Aortic Valve Replacement in the Elderly
Determinants of Late Outcome
Background—Few data exist on long-term outcomes of elderly patients after aortic valve replacement. We evaluated latest follow-up information for patients ≥70 years of age after aortic valve replacement.
Methods and Results—Late overall survival of 2890 consecutive patients ≥70 years of age who underwent aortic valve replacement between January 1993 and December 2007 was reviewed retrospectively, analyzed, and stratified by preoperative and intraoperative variables. Observed 5-, 10-, and 15-year late postoperative survival was lower than generally expected (68%, 34%, and 8% versus 70%, 42%, and 20%, respectively; P<0.001). Independent predictors of late death included older age, renal failure, diabetes mellitus, stroke, myocardial infarction, immunosuppression, prior coronary artery bypass grafting, implanted pacemaker, lower ejection fraction, hypertension, and New York Heart Association class III or IV. After stratification by age–comorbidity risk score, 10-year survival for the lowest-risk group (n=946 [33%]) was similar to expected survival (55% versus 55%; P=0.50), but for the highest-risk group (n=564 [20%]), survival was significantly lower than expected (9% versus 26%; P<0.001). For 229 pairs of propensity-matched patients with mechanical or biological prostheses, survival was not significantly different (67%, 40%, and 19% versus 71%, 45%, and 7% at 5, 10, and 15 years, respectively; P=0.81). Structural deterioration of bioprostheses occurred in 64 patients (2.4%).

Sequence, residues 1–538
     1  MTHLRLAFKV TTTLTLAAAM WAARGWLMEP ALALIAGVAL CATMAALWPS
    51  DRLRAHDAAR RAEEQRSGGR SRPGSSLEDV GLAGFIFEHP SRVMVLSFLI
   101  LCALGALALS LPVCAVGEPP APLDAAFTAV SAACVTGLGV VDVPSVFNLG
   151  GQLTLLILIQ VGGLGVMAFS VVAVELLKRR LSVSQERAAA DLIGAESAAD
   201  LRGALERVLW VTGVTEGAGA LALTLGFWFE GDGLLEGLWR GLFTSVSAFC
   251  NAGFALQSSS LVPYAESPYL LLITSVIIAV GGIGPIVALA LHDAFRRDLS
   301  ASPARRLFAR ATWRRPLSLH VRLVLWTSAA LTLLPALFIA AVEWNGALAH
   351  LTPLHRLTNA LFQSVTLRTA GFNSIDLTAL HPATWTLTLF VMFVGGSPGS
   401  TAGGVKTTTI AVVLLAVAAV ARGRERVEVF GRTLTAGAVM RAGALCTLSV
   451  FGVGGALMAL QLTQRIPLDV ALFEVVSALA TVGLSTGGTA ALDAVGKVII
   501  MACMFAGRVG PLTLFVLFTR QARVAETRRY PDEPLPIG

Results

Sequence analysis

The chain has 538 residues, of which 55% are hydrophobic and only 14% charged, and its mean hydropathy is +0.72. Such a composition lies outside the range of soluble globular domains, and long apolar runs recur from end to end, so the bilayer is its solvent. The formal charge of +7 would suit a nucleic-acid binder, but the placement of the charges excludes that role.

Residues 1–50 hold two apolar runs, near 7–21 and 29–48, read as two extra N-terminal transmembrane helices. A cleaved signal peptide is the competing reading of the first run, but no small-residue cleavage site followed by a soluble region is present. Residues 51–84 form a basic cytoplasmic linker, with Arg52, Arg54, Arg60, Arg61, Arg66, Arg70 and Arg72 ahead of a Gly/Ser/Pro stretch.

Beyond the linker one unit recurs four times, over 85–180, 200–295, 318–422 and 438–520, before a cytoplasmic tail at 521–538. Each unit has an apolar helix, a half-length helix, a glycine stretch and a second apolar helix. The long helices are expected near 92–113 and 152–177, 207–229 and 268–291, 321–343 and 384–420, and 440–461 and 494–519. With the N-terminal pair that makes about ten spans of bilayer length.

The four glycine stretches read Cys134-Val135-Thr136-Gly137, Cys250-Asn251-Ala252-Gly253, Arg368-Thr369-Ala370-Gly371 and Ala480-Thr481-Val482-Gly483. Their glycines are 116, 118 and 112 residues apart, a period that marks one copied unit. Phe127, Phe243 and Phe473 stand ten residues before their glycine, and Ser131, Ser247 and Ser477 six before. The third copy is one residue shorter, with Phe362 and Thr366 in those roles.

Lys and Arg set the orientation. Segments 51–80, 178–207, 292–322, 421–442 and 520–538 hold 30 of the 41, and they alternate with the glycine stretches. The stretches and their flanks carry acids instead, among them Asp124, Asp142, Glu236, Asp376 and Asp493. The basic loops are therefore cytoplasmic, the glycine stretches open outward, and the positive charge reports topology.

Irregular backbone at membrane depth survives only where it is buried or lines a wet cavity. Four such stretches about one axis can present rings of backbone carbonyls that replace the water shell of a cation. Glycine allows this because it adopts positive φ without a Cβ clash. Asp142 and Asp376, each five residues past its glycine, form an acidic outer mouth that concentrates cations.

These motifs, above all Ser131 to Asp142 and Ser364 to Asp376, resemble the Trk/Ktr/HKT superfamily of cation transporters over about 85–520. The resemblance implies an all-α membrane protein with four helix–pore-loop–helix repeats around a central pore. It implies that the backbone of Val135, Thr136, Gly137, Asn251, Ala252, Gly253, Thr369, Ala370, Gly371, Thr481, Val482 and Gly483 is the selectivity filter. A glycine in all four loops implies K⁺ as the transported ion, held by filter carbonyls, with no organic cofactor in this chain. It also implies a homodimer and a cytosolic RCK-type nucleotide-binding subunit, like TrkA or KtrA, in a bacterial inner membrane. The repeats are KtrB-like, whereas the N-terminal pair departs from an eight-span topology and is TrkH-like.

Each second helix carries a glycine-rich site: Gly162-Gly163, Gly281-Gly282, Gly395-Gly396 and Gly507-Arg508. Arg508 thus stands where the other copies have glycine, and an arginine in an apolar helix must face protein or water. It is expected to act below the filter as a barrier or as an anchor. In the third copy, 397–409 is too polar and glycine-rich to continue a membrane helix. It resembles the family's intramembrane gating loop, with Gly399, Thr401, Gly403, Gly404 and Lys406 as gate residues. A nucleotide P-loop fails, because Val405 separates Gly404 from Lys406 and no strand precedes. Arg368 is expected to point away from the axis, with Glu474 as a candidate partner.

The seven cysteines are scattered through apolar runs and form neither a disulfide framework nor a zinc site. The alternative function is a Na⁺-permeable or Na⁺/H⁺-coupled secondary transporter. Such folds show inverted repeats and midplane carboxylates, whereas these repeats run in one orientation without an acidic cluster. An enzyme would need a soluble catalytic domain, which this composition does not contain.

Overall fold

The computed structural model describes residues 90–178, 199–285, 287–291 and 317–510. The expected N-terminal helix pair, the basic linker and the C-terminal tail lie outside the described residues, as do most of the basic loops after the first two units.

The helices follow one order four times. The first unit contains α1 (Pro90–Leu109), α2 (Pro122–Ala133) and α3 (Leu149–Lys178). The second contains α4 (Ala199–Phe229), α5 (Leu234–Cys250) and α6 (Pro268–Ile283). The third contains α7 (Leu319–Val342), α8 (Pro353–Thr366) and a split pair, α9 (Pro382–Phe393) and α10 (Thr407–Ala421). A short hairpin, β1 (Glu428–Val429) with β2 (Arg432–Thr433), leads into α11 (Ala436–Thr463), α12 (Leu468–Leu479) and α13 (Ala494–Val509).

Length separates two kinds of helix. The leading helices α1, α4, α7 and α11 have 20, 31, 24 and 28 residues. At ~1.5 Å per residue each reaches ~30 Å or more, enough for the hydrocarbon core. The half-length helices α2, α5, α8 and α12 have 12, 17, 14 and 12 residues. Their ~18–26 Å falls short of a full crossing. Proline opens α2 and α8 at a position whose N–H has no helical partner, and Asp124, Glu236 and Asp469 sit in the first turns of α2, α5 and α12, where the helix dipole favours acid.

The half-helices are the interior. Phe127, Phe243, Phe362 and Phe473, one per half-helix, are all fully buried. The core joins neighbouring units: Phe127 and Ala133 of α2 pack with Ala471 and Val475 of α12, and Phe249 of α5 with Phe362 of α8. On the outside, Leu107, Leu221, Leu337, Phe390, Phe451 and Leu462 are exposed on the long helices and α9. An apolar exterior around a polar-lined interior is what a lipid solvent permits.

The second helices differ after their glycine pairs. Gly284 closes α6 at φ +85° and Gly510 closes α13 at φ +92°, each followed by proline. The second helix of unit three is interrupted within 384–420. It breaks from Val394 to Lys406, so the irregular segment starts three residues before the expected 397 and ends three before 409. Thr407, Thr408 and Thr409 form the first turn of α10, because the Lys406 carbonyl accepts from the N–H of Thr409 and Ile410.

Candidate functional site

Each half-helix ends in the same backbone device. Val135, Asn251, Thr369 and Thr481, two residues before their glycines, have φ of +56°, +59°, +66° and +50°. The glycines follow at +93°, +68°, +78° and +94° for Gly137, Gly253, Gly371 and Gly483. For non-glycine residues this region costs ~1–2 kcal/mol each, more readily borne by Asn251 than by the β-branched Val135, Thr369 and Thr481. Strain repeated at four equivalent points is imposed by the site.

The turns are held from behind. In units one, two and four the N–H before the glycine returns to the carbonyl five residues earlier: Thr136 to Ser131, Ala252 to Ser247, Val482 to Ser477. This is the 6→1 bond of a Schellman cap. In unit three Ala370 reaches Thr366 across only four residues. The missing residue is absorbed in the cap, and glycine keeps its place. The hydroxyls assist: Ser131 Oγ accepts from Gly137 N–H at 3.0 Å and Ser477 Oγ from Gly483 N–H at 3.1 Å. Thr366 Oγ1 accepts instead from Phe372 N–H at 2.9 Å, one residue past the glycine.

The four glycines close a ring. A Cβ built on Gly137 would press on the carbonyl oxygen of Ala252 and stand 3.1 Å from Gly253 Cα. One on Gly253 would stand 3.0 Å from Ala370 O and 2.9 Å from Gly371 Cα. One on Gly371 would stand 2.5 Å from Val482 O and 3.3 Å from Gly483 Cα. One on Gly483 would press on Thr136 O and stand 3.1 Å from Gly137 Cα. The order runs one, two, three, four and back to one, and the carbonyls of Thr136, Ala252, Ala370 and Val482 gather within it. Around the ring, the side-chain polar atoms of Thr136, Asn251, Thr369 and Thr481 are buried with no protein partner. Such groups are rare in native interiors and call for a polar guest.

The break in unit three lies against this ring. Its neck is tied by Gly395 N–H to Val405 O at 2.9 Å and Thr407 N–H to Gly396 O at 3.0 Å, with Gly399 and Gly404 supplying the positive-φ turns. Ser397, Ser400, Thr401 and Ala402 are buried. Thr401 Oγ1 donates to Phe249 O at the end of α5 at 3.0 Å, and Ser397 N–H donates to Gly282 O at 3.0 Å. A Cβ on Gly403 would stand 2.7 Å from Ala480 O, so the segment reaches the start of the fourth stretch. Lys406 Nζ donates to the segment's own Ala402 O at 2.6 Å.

Conclusions—Survival of elderly patients after aortic valve replacement is influenced by age and preoperative comorbidities; 33% at lowest risk had overall survival similar to that of an age- and sex-matched general population. There was no sufficient evidence that valve type affected survival. Structural deterioration of aortic bioprostheses was rare.
- Received September 1, 2010.
- Accepted June 14, 2011.
- © 2011 American Heart Association, Inc.